There's no business like show business

All the world's a stage it seems - and that includes your local supermarket. Staff from a number of high street companies are being sent on drama workshops to improve their communication and presentation skills at work. Watch out for the sulky teenager on the deli counter, says Meg Carter - she could be the next Lady MacBeth.
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The Independent Culture
Don't be too surprised if, the next time you visit your local bank or supermarket, the cashier starts reciting Shakespeare. Sainsbury and Midland Bank are two of the latest in a growing line of companies turning to the theatre for ideas about how to educate and inspire their staff.

These companies and more - including Mars, Andersen Consulting, The Body Shop and Marks & Spencer, believe acting skills can help them perform better. It might sound airy fairy but in fact the argument that creative processes might have some bearing on business success in business is endorsed by management gurus like Charles Handy and John Harvey Jones.

"Communication skills is what acting is all about. That and self confidence and teamwork. It's a neat fit," declares Marah Winn-Moon, community affairs manager at Sainsbury, who recently ran a pilot scheme of drama workshops involving staff at a number of local branches.

Twelfth Night was the focus for Sainsbury's experiment with participants encouraged to focus on Shakespeare's use of language. "We used it to examine a number of key areas - such as how to deal with a difficult customer and how use of language can diffuse a potentially difficult situation," she says. "We also looked at body language - like how you look when you're bored. How to look if you want to be helpful. And how to cope if you're on your feet all day stacking shelves."

The sessions, which involved every member of a store's staff working with professional actors, were "a great success" Ms Winn-Moon claims. Indeed, such is her enthusiasm for the approach that corporate amateur dramatics - otherwise known as "industrial theatre" - will shortly be incorporated into the company's core training programme.

Cynics might be tempted to argue it's little more than a shrewd sales pitch from under-worked actors, but the theatre companies involved have developed a convincing line in business speak. Even London's Globe Theatre recently got in on the act with Richard Olivier and Mark Rylance championing an initiative to use Henry V to teach business people leadership qualities.

"There's been a fundamental change in attitude amongst organisations from being product-led to being people-led," explains Trestle Theatre Company's general manager Penny Mayes. "As a result, there's greater attention being paid to keeping people in a company and developing their skills instead of chewing them up and spitting them out. What we can provide is an opportunity to inspire and motivate as well as a chance to work out various work-related and interpersonal issues through performance."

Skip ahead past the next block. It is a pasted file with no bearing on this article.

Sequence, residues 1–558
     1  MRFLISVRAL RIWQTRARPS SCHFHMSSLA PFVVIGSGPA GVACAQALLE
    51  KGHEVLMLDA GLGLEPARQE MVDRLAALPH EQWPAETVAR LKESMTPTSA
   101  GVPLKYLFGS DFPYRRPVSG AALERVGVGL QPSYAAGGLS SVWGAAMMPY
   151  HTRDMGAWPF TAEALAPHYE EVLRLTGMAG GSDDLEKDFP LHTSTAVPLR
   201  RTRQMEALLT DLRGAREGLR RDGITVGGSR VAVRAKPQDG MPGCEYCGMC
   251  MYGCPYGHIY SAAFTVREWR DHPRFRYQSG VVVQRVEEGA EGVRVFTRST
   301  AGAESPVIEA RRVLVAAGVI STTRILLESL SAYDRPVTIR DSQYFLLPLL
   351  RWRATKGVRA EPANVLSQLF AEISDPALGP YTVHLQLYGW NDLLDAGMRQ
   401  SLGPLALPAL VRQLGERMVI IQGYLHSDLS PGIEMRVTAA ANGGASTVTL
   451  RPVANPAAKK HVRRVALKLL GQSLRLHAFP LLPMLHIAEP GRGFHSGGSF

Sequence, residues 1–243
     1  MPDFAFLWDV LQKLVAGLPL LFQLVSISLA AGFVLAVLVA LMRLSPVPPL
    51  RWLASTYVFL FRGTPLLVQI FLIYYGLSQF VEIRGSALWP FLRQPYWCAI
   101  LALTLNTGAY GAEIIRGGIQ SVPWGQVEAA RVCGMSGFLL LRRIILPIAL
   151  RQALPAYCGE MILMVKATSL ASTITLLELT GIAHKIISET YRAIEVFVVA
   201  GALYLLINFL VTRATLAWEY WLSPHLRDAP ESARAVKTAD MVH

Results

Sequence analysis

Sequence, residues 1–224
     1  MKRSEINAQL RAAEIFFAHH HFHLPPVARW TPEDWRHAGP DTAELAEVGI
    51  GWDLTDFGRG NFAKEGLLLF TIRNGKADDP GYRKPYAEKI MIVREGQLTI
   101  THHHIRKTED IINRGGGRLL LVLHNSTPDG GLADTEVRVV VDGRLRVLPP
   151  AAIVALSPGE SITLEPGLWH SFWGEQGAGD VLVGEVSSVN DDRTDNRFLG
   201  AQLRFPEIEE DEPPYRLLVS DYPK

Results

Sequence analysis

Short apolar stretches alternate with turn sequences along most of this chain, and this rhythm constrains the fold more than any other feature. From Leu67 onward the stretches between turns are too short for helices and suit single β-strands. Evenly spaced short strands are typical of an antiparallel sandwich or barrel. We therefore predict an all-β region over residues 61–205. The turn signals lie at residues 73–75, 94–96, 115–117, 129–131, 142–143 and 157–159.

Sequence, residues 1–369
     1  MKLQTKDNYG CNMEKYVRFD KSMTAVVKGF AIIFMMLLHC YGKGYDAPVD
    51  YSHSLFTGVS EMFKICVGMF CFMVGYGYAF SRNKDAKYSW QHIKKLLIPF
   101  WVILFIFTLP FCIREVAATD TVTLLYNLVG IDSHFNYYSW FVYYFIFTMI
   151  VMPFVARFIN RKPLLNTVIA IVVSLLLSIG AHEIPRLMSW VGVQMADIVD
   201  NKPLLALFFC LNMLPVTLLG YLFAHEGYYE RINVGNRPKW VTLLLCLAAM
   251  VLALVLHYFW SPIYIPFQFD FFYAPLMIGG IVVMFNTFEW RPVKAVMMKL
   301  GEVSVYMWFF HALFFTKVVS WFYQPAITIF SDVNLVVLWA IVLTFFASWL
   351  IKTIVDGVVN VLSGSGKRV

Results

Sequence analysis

Trestle's corporate sideline is based on the idea that if you are aware of your body language and the body language of others, you can avoid potential conflicts in the workplace. The company offers businesses a basic two and a half hour workshop involving role-play using a selection of different masks with expressions ranging from happy to grumpy and sad.

"The masks enable the hierarchical structure of a group of people to be broken right down allowing participants from all levels within an organisation to benefit," Ms Mayes claims. "Touchy-feely `games' help the participants overcome any inhibitions they may have. The end result is a significant boost to self-confidence as people are always amazed when they discover what they are able to do."

The sessions start with very basic technical exercises which would be familiar to many actors, she adds. "We then start to examine various ways of expressing ourselves through body language without speaking by addressing core ideas like acceptance and rejection, communication and avoidance - with all the participants working in pairs."

A different approach has been taken by another theatre group, Lively Arts. In the best traditions of `Fame', it offers businesses the chance to stage their own production in a single afternoon (see panel). "We take as our starting point the belief that everyone is creative.

"It's not about participants learning from us, it's about how we can stimulate things inside you which either you don't remember or don't put into practice," says Lively Arts's co-director, David Pearl.

Today's companies need creative thinking more than ever before, Pearl insists. Yet the "unforgiving perfectionism of today's business environment" all too often works against it. Drama therapy can provide a learning environment where participants' work and personal lives are brought more closely together, he believes: "It's about encouraging them to take part and work together as a team, and reassure them that if they fail, they can do so safely."

All of which can deliver clear business goals, Pearl insists. One of Lively Arts' latest briefs, code named `Project D'Artagnan', is for an unnamed financial services company. The production, yet to be sprung on an unsuspecting staff, will be loosely based on The Three Musketeers, to teach participants lessons about swashbuckling and panache. Oh, and to help them murder the competition.

So brace yourselves - and put on your dancing shoes. `Industrial theatre' could soon be coming to a personnel department near you. The downside? You might find yourself in a chorus line alongside your boss. But at least the tickets will be free.